1.00–1.05pm: Welcome by Dr Tod Jones

1.05–1.40pm: Mr Ian Brodie (http://www.ianbrodie.net/)

1.40–2.00pm: Dr Christina Lee (Curtin University)

2.00–2.20pm: Professor Erik Champion (Curtin University)

2.20 – 2.45pm: Q&A

2.45–3.15pm: Coffee/tea break at Aroma Café

SESSION 2 (Chair: Erik Champion)

3.15–3.20pm: Introductions

3.20–3.40pm: Mr Mike Dunn (Phimedia)

3.40–3.50pm: Mr Mat Lewis (South West Development Commission)

3.50–4.00pm: Mr Nathan Gibbs (Screen West)

4.00–4.30pm: Q&A then sundowner (see below).

VENUE

HIVE (VR Centre), John Curtin Gallery, Kent Street, Curtin Bentley campus WA 6102

https://humanities.curtin.edu.au/research/centres-institutes-groups/hive/

Phone: (08) 9266 9024 (HIVE).
Map link https://goo.gl/maps/FZu8FaEaULt (in John Curtin Gallery opposite Aroma Café)

PARKING (https://properties.curtin.edu.au/gettingaround/parkingzones.cfm

You can pay in a visitor’s carpark (there are parks near John Curtin Gallery/the HIVE) or you can download a phone app and pay in the yellow signed curtin parks at a much cheaper rate. Closest zone is D3 off Kent St then Beazley Avenue, park as close as you can to John Curtin Library.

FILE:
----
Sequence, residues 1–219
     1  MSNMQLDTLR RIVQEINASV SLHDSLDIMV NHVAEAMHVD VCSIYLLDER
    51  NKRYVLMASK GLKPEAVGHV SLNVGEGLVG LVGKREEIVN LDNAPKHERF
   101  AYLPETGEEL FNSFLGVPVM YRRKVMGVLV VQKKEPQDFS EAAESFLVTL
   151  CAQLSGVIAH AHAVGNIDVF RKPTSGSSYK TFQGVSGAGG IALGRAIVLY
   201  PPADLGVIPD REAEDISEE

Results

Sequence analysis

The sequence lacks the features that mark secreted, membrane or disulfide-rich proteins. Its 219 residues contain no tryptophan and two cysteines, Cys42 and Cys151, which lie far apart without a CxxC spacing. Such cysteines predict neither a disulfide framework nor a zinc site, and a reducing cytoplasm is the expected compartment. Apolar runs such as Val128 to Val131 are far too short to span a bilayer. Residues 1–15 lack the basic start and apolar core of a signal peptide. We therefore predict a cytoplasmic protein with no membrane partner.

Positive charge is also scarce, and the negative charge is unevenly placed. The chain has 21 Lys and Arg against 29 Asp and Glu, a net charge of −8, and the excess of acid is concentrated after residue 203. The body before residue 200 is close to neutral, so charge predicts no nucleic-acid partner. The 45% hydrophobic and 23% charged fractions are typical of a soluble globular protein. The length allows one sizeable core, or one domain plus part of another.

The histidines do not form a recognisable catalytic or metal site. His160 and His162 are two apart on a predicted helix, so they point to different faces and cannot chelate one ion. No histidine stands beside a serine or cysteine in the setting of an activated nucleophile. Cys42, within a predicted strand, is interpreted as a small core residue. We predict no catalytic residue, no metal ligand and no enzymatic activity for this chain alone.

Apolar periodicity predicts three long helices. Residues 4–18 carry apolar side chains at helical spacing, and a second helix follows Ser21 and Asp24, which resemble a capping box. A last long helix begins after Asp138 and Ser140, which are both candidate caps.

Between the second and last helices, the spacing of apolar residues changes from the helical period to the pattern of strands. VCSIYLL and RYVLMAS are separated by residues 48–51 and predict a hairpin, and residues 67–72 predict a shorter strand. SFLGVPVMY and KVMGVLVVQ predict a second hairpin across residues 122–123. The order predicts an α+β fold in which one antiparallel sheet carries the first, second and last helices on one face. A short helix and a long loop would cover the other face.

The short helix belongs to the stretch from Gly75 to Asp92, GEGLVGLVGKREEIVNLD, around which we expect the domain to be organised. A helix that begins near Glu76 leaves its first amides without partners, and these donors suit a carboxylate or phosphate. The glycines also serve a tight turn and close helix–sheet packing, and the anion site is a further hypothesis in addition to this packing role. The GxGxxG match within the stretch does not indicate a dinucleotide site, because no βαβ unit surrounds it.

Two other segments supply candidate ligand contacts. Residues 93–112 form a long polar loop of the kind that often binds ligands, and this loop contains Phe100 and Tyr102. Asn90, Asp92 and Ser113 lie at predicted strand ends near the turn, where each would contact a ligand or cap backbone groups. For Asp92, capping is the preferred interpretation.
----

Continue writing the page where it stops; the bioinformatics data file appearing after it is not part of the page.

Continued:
CANCELLATIONS

If you cannot make the event please cancel your ticket at Eventbrite as we have people on the waiting list

TEA/COFFEE

We hope to have tea or coffee provided for attendees at the nearby outside Aroma cafe during the coffee break, please bring your Eventbrite ticket number.

SUNDOWNER AFTER THE EVENT

If you would like to speak to Ian or Mike or the other speakers after the event from 4:30PM or so we hope to offer a small sundowner at the meeting space of Innovation Central, Level 2, Engineering Pavilion Building 216. More details at the event but just a note you can also find it at http://properties.curtin.edu.au/maps/

 

Imagined Spaces in Real Places

If you are in Perth 11 June please sign up on EventBrite to this free event:

Imagined Spaces in Real Places (Screen Tourism, VR & Cultural Heritage)

ImaginedSpacesEvent-FINAL.jpg